Whatever grants (e.g., if I wanted to apply for a fellowship) are out of the questions as they are seen as a "parallel move." The next 'big' thing will be to help him in the grant writing process (e.g., collect CVs from collaborators, supervise grad students on editing these CVs, coming up with roles for who is going to do what etc.). Are these tasks the norm for a postdoc? I, personally, would like to get hands on experience in the actual writing. Maybe those will come at some point.
I thought that the administrative people will take care of things, such as contact forms for x collaborator, travel forms, reserve room for x talk etc. Are these also the norm for a postdoc to do? I am asking because I never discussed upfront some of these tasks and now they keep coming and take most of my time.
I just wanted to comment that I don't see you applying for fellowships as a parallel move. You might be listed as an NIH Postdoctoral Fellow in title, but you did not write and receive that grant. I would suggest that you consider applying for independent postdoctoral fellowship funding if your PI approves.
In regard to collecting information for the grant proposal -- does this mean you are going to be listed as a collaborator on the grant proposal? It would be nice if you were, but I don't know how common that is. It would also be nice if, as you say, you had experience writing the proposal. As for only collecting materials, this task would be a valuable learning experience for you on how to format CV's and what this type of information looks like. I would not denigrate this idea.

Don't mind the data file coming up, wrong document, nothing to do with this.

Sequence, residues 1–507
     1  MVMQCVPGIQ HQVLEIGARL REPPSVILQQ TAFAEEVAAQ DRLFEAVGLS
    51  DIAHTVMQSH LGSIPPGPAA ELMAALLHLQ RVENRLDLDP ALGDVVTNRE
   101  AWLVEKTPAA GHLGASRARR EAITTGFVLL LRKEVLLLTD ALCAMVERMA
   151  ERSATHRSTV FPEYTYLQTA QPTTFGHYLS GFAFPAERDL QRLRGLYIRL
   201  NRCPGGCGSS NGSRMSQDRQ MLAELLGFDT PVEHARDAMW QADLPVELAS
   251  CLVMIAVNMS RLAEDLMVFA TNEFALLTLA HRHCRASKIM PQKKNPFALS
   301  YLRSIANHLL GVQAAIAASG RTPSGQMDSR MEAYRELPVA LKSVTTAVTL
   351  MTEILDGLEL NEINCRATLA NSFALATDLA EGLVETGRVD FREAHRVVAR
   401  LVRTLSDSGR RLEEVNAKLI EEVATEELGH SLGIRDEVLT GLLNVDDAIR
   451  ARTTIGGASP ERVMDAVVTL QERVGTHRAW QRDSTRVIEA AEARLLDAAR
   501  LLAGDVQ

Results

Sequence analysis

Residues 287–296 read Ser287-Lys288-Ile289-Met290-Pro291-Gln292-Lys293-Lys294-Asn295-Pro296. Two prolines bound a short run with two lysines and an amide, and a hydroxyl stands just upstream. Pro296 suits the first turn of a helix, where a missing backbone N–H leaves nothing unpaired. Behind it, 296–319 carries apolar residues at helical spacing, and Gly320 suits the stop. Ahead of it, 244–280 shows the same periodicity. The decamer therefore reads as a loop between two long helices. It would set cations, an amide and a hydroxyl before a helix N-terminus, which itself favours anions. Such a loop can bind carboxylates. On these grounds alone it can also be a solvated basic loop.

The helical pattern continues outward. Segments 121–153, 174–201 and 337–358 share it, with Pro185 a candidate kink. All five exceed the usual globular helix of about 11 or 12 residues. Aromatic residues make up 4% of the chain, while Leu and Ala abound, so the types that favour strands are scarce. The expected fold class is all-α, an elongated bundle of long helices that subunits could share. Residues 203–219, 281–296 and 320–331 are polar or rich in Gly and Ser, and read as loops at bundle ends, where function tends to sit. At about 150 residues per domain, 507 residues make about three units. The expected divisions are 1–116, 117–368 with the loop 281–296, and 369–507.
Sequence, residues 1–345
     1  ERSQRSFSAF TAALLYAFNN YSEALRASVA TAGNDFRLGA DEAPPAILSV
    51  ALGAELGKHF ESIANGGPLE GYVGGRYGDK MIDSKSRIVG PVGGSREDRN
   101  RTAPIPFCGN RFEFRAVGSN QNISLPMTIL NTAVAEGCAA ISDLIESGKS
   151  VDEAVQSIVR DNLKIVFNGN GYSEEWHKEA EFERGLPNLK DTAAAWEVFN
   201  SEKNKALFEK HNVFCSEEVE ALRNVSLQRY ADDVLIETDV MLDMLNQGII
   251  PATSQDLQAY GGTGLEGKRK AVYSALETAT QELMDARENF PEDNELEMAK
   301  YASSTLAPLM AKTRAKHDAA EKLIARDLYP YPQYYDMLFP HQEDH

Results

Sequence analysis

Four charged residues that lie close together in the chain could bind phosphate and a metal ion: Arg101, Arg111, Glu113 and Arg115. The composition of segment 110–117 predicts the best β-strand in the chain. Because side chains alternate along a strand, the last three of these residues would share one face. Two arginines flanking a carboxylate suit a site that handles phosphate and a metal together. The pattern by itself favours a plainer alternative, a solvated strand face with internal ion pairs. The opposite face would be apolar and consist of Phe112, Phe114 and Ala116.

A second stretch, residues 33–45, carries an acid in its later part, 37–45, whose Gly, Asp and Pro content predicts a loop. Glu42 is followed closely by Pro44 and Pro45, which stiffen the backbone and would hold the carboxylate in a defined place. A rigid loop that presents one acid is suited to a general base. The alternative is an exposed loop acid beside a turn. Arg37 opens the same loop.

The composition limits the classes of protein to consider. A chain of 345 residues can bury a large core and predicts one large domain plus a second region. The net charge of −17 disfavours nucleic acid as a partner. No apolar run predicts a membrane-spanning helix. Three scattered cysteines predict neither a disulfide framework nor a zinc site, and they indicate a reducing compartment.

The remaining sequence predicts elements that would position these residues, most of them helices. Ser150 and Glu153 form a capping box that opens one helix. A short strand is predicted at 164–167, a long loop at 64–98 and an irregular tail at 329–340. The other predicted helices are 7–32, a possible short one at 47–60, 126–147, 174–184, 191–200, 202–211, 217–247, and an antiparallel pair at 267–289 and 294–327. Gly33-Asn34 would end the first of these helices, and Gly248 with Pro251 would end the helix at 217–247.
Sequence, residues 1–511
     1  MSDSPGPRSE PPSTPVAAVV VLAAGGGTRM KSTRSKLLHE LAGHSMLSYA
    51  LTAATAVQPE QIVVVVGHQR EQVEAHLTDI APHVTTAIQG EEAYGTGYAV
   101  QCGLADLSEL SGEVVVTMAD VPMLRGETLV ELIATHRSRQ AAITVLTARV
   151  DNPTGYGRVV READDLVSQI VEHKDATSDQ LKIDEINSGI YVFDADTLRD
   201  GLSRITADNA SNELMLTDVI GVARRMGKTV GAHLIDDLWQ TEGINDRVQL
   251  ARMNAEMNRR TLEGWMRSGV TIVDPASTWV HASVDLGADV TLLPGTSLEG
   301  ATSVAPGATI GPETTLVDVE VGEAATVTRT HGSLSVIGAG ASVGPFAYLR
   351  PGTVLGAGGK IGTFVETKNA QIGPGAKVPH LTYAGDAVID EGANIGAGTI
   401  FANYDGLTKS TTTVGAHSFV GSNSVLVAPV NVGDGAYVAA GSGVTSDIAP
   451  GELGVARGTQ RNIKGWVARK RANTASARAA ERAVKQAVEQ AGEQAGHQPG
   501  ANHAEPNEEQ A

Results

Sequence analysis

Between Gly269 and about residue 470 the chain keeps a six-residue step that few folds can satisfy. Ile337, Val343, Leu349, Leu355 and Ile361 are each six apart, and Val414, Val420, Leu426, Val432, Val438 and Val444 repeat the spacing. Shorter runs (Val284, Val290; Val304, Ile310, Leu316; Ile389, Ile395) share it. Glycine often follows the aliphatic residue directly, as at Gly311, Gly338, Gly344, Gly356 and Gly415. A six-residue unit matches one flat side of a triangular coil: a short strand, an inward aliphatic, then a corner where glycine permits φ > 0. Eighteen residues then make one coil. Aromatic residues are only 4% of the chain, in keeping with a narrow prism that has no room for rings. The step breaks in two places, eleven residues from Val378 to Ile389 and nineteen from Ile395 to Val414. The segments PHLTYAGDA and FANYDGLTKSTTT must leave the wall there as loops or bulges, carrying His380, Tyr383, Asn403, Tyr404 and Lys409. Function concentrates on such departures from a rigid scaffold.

Overall, it looks like your thoughts about a lot of this process as a postdoc are on track. The one thing I would I would advise is to find someone other than your PI who can give you advice -- preferably not one of his close friends or collaborators. If you are interested in a TT job, I also suggest you mentor yourself.
These books and the video are really great: http://www.hhmi.org/resources/labmanagement/moves.html
There are many other books out there on how to be successful and land a TT job.
I also don't think you should worry about the office shared with a graduate student and having to organize your collaborators' visit. These are very common tasks that a postdoc has to do / has to deal with. I organized the agenda/food for our collaborators visiting last week, I'm handling all of the hiring paperwork (writing the advertisements, inquiries, collecting applications) for our two undergraduate positions for this summer, and I also just got asked to move from my office shared with a technician into an office with two graduate students. I never complain and always find time.
I also don't ask my PI for much advice. I like to only talk research with him. When it comes to important career moves, I like to do my own research first and come to him only once I have narrowed down the choices. When I need real advice, I talk to other postdocs or other faculty who do not work with my boss. I only show my best side to my PI because I know he's the one who's going to write my letter of recommendation.
Just my 2 cents.